The common eider (Somateria mollissima) is a large and widespread sea duck that is perhaps best known for its valuable insulating down feathers.
Eiders are large, solidly built sea ducks that vary tremendously in appearance depending on their age, sex, and the time of year.
Male eiders are boldly marked birds in the winter once they have moulted into pied plumage. At this time, the adult males develop a black belly, rump, tail and cap. The bill becomes an olive green to orange colour, and the rest of the body is white, except for the nape which takes an olive green hue. During the summer, male eiders have dark brown plumage and pale bills.
Female eiders retain a rich mottled brown and black colour throughout the year. Their bills are grey-brown in colour and their wings are whitish when seen from below in flight.
Juvenile male eiders only develop their bold winter plumage at three years of age, although they show progressively more white colouration during their first and second years.
Common eiders usually measure 50-71cm (19.5-28 in) in length. This makes them the largest duck species in the Northern hemisphere. Males are larger than females on average, but the difference is barely noticeable.
Eiders have a wingspan of 80-108cm (31-42 in). Their size varies across their circumpolar distribution, although the largest individuals have been recorded in Canada’s Hudson Bay.
Most eiders weigh between 1.2kg and 2.6kg (2.75-5.75lb). Egg-laden females can surpass 3kg (6.6lb), however. Male eiders tend to maintain similar body weights throughout the year.
Male eider ducks produce a dove-like call that is best described as a-hoo or woo-oo. A chorus of calling males produces a very pleasant sound indeed. Female eiders do not produce the same coo-ing call but a rather more duck-like croaking. Both sexes make a similar alarm call when threatened.
A flock of Eider ducks in flight
Eiders are diving ducks. They swim to depths of 10m (33ft) or more in search of marine molluscs, crustaceans, and urchins. Large prey is brought to the surface to be processed and swallowed.
Baby eiders are precocial, which means they are fully mobile and fully covered in down feathers when they hatch. The ducklings leave the nest after about a day and feed themselves on insects and small molluscs like periwinkles.
Female Eider duck with chicks
Eiders are marine birds that rarely venture inland. They usually occur in shallow coastal waters, often where there is a rocky shoreline. Eiders can persist in areas that are mostly covered with sea ice but only if there is enough open water in between for them to forage.
Common eiders have a circumpolar distribution, which means they occur right around the world in coastal areas of Europe, Asia, and North America. They are absent from some regions of northern Asia, however.
Eiders are true sea ducks that spend most of their lives in shallow coastal waters. When not diving for food, these birds spend much of their time sleeping and resting on the water's surface. At night, eiders may roost on the shore or on floating ice floes.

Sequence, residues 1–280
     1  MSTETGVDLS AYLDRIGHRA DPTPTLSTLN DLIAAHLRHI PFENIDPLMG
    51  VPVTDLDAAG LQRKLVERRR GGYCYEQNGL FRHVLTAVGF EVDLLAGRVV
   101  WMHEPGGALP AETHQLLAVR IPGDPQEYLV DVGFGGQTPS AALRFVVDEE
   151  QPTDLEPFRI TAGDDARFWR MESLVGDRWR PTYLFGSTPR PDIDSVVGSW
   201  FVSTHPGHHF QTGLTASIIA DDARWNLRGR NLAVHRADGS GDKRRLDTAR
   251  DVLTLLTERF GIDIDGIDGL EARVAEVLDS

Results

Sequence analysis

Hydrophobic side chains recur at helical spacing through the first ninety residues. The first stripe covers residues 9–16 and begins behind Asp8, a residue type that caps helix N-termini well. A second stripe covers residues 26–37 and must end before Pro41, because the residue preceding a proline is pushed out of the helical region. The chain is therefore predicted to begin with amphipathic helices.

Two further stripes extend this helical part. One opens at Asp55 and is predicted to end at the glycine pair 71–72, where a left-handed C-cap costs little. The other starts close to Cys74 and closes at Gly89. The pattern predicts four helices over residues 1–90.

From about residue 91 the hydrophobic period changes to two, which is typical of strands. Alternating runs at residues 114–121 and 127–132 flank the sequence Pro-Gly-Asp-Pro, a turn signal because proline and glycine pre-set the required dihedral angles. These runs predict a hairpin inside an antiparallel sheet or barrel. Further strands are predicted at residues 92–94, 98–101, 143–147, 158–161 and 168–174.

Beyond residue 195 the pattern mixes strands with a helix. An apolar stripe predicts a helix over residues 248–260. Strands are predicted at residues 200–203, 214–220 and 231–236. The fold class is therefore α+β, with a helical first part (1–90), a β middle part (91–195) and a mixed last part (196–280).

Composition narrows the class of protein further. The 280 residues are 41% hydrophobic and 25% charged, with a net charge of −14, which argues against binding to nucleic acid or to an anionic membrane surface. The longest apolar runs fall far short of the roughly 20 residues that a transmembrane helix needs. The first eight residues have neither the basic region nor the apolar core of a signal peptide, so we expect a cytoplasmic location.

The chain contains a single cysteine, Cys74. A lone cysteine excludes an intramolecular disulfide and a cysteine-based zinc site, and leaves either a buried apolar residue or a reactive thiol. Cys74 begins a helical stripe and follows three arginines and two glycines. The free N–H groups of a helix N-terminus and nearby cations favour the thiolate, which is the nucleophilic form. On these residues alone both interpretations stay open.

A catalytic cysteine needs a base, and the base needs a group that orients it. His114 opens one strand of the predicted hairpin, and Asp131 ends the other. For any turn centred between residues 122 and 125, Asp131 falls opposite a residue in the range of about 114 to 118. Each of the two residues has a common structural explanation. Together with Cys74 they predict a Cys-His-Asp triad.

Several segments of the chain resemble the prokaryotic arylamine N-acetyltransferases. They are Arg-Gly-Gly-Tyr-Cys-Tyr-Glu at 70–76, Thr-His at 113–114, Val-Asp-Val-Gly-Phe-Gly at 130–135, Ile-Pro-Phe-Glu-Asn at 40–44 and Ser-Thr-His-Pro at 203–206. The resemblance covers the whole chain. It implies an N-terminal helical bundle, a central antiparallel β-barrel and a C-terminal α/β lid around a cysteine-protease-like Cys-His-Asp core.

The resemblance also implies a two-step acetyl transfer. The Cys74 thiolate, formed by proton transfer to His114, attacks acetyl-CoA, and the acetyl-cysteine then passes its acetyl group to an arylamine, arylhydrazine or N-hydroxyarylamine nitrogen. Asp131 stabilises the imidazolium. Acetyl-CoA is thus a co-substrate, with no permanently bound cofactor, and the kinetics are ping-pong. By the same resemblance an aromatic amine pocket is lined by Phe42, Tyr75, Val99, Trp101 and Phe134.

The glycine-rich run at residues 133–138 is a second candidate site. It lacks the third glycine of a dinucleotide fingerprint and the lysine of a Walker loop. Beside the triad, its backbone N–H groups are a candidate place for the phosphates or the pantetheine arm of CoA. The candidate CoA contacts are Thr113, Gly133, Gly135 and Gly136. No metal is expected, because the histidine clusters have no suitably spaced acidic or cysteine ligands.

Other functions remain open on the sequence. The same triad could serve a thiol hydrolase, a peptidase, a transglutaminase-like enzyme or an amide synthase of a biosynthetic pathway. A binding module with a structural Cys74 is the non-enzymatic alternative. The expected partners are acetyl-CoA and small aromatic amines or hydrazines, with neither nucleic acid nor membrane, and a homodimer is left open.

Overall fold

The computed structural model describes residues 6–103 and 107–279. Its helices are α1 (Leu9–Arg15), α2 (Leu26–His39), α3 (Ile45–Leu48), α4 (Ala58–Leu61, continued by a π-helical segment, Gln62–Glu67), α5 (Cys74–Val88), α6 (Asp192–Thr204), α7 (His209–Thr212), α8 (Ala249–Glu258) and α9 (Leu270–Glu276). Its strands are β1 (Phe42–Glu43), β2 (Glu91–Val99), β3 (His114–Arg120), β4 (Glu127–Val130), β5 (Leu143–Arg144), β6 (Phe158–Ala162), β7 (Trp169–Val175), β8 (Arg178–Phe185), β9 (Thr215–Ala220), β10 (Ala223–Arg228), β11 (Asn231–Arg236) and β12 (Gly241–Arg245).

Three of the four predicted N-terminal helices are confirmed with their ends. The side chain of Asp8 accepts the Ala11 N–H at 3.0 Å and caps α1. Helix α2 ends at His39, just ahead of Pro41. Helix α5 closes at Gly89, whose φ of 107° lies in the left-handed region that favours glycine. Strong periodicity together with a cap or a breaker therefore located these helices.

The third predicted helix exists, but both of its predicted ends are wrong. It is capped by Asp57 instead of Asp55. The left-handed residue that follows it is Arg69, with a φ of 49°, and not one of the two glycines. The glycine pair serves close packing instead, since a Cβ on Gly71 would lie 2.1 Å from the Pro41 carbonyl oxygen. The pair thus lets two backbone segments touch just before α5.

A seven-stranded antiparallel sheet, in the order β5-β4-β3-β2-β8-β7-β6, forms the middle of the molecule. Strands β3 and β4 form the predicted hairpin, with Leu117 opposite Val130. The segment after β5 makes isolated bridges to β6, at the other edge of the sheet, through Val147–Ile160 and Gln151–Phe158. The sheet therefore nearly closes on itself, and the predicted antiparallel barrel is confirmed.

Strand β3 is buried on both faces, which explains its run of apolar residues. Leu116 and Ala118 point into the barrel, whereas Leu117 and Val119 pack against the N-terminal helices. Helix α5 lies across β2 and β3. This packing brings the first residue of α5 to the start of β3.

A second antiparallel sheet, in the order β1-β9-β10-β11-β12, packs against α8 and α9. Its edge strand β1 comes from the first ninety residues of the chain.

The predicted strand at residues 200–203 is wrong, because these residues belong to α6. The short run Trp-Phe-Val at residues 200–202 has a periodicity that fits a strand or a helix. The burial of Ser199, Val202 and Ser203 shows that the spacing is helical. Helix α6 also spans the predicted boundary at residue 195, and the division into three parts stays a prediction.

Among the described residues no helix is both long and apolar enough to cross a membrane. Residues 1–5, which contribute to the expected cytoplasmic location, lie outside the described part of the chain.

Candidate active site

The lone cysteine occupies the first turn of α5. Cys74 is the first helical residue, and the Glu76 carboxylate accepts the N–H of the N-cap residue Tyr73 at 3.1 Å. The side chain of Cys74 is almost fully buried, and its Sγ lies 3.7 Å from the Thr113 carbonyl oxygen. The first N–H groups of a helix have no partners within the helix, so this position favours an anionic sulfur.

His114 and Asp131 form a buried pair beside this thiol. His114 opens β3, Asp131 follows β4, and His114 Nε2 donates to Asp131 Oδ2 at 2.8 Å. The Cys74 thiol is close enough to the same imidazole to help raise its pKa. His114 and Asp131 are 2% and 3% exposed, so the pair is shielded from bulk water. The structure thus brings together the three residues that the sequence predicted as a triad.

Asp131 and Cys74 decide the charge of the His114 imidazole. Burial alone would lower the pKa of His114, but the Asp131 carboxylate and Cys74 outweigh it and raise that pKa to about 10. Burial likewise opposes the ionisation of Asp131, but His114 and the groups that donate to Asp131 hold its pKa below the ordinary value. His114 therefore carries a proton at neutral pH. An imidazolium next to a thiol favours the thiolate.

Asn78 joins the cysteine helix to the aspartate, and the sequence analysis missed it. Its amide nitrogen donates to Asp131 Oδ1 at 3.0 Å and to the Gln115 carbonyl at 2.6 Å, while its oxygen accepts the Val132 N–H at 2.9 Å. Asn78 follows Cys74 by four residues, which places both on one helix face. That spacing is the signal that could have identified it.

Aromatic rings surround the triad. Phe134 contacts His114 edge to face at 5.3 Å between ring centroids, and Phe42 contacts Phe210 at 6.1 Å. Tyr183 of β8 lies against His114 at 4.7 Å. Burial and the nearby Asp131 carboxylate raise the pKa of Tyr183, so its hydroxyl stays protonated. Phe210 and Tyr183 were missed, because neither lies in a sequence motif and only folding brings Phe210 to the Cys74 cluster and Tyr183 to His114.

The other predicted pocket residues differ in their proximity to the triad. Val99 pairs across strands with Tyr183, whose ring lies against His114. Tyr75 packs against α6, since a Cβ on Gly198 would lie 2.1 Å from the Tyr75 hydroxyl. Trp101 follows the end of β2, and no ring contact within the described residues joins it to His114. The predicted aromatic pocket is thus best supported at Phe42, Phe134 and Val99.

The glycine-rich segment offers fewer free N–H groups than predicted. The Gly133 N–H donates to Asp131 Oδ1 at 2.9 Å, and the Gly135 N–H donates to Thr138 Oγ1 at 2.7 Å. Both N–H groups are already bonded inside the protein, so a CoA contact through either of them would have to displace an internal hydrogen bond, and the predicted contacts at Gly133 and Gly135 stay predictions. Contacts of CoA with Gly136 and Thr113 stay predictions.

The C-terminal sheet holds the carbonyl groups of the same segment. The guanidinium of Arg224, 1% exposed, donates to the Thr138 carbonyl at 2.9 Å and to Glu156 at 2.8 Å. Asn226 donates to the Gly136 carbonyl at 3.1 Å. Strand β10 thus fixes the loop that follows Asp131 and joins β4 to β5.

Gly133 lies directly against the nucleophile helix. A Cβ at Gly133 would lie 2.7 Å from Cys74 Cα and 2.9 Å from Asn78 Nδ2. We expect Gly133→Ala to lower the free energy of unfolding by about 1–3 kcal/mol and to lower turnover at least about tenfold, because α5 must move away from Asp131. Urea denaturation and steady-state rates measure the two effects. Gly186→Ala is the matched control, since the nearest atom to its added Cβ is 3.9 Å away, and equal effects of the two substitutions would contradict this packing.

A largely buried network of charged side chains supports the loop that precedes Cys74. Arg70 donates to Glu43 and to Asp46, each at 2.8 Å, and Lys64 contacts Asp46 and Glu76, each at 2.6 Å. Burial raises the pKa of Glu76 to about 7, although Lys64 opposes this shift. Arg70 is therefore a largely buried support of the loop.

Eider in natural habitat of water
While eiders are declining in parts of their range, they still have a very large global population and can even be locally abundant in some areas.
During the summer, eiders can be seen all along the Scottish coast and south to Northumberland in the east. They are more widespread in the winter, occurring as far south as Cornwall.
Common eiders are known to nest as far south as Massachusetts in the contiguous United States. They are a common coastal bird throughout the year to the north in Maine as well as in Canada and Alaska.
Male and female Eider swimming on the water
The oldest eider on record lived to 35.5 years, and the next oldest bird was a male from eastern Canada that lived to nearly 23 years. Most eiders will not live quite as long, however. The estimated lifespan of adult females in North America is approximately 7 years.
Eider eggs and ducklings are vulnerable to several bird and mammal species. The following species commonly raid their nests:
Adult eider ducks have fewer natural enemies, although they can be particularly vulnerable when nesting and moulting. The following predators have been known to prey on adult eiders:
Eiders enjoy official protection in many parts of their range. They are protected by The Wildlife and Countryside Act of 1981 In the United Kingdom. In the United States of America, common eiders are protected under the 1918 Migratory Bird Treaty Act.
Common eiders have a global conservation status of ‘Near Threatened’. This means they are not officially endangered but are a species of concern due to declines in certain populations.
Close up of an Eider
Eiders are ground-nesting birds. They build their nests on gently sloping areas that are close to the water’s edge. The nest is usually built alongside some structure such as driftwood, rock, or living vegetation like trees and shrubs. Eider nests consist of a shallow scrape of about 25cm (10in) across and 7cm (2.7in) deep.
Female eiders line their nests with their own down feathers. The down provides excellent insulation to the eggs, and humans have been gathering these soft feathers from eider nests for centuries for use in blankets and clothing.